Haha, when does it ever?!  This past season, however, there were actually a couple of happy mistakes with the textile printing.  Not everything came out as planned, but sometimes the mistake was better than my original intention.  Happy mistakes.
 
What is your favourite raw fabric/fibre to work with?
After a season filled with nothing but silk, I’m dying to get back to good ol’ cotton & linen.
 
What is your favourite part about conceptualising a design, and how do you approach a new season?
My favorite part about conceptualizing a design is when I come up with something I actually like!  And I enjoy it when I feel like I have solid time to fully devote to the creative end of things.  So many other things eat up your time when you’re running a business solo…
As for how I begin collecting ideas, I feel like I’m constantly collecting ideas.  At the beginning of every season, however, I begin by going through the inspiration folders on my desktop, looking through books, doodling in my sketchbook and just dive into the textiles.  The rest springs from there.
Again, it is very much appreciated Ilana for answering these. It is always so interesting to peer into someone’s thoughts/preferences, and I am sure there are others out there as curious as I am about a creative-person’s processes.
It is exciting to see what new collections you produce!
As a follow up on this post about the website Slanted Mansion, I have a small interview for you with Siobhan Frost, the mastermind behind such an intriguing site:

What inspired you to create this site? Seeing other non-styled creative interior books and blogs. It’s always interesting to see what cool bits and pieces people have laying around. In addition to the photos, I wanted to have some ‘more meat in the sandwich’ – as my friend (and editor) Sheena Coffey likes to put it (even more amusing seeing she is a vegetarian!). I was also keen to see more from people in those not so commonly looked to places for creativity.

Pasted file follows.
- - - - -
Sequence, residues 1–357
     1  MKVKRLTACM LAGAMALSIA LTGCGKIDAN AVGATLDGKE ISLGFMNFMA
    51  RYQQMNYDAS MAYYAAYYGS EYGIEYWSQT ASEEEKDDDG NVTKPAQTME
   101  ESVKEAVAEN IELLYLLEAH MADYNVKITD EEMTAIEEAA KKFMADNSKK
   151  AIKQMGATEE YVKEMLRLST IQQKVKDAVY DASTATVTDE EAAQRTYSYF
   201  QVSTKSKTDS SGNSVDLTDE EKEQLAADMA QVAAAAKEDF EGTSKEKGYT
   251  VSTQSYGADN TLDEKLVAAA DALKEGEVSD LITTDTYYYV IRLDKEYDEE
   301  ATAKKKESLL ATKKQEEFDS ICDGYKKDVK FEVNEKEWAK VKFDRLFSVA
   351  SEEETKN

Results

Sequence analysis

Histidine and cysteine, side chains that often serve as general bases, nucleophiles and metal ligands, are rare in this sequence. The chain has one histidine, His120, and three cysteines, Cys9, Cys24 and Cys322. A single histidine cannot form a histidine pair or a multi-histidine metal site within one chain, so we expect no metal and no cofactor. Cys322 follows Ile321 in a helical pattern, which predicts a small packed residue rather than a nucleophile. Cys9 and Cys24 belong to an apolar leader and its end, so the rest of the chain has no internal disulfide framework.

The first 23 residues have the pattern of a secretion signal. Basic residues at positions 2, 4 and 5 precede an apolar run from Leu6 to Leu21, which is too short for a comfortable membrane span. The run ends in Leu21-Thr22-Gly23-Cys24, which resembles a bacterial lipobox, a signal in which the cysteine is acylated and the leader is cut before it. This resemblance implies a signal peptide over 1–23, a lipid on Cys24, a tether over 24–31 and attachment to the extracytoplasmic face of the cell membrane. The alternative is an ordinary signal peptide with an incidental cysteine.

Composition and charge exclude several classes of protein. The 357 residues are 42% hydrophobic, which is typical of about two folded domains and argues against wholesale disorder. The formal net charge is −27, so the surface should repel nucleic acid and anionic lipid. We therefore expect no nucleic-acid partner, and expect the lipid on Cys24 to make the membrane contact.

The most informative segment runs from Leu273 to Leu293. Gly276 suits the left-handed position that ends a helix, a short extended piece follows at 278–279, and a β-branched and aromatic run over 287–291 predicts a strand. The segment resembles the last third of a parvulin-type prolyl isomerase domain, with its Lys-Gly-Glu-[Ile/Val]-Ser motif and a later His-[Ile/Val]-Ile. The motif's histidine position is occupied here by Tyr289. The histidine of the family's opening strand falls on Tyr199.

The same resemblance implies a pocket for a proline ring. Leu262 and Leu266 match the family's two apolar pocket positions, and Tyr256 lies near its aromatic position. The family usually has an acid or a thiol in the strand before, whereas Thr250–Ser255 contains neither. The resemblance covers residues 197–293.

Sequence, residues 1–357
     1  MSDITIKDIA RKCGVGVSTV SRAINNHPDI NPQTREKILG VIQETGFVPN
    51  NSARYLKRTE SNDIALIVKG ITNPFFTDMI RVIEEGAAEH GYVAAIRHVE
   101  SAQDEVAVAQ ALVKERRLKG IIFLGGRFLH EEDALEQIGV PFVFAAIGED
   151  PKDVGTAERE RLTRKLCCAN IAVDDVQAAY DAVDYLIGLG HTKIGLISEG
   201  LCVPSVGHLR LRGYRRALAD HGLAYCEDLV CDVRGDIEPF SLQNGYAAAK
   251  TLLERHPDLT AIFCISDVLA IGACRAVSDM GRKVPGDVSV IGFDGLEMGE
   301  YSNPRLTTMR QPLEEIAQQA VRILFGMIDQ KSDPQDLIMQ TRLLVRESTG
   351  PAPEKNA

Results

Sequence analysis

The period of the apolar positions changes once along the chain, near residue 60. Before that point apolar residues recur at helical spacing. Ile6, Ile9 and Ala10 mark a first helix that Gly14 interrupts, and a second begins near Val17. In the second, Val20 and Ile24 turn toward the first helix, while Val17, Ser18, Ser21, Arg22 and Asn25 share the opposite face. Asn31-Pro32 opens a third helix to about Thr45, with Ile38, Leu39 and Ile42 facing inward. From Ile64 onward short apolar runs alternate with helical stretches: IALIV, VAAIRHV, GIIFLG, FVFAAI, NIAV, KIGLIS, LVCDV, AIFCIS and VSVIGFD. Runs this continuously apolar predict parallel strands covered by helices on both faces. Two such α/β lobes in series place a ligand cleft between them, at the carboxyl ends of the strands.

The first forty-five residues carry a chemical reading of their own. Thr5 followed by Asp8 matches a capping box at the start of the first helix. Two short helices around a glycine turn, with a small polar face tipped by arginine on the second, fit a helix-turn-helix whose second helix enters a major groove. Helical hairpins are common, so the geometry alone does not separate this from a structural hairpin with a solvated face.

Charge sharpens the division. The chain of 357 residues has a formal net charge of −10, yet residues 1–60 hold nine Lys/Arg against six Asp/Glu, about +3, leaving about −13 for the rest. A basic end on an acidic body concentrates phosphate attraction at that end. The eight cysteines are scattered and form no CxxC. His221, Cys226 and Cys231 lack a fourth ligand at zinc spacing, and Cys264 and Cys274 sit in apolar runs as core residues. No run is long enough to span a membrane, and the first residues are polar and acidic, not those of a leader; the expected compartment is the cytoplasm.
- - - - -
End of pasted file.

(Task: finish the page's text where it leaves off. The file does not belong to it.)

Do you have a favourite creative person? Anyone who is passionate about what they do, and super inspired by those that take extra steps to forge a new path or project for themselves.
Who can we expect to see featured on your blog in the future? Good question! I am off to Moscow this week, so hopefully (if I dont get too lost!) some interesting people from there…One last question Siobhan, do you approach people, or do people approach you to be featured? It started with me contacting my friends, and then friends of friends. And now sometimes I will browse online and contact them. Only a few people have contacted me, but it has to align with when I can / am travelling – so those haven’t happened yet!
Click on the photo above to link to one of his most recent projects, where he meets make-up artist Regina Törnwall.